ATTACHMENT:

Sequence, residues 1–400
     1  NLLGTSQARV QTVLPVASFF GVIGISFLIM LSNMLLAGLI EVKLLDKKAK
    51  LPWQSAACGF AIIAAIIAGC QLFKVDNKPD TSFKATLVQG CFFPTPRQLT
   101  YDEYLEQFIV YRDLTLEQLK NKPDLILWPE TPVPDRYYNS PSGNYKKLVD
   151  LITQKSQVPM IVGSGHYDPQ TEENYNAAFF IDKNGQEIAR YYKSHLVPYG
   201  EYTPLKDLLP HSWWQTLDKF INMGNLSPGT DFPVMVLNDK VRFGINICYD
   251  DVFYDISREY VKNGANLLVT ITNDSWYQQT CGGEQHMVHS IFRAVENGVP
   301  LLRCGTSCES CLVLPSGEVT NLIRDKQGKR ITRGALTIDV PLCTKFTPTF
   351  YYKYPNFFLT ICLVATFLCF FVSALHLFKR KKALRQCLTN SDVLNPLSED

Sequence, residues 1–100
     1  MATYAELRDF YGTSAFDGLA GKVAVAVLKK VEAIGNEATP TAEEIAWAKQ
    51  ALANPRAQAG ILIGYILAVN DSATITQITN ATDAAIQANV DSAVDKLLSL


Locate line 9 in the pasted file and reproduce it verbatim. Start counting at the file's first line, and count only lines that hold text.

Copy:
   351  YYKYPNFFLT ICLVATFLCF FVSALHLFKR KKALRQCLTN SDVLNPLSED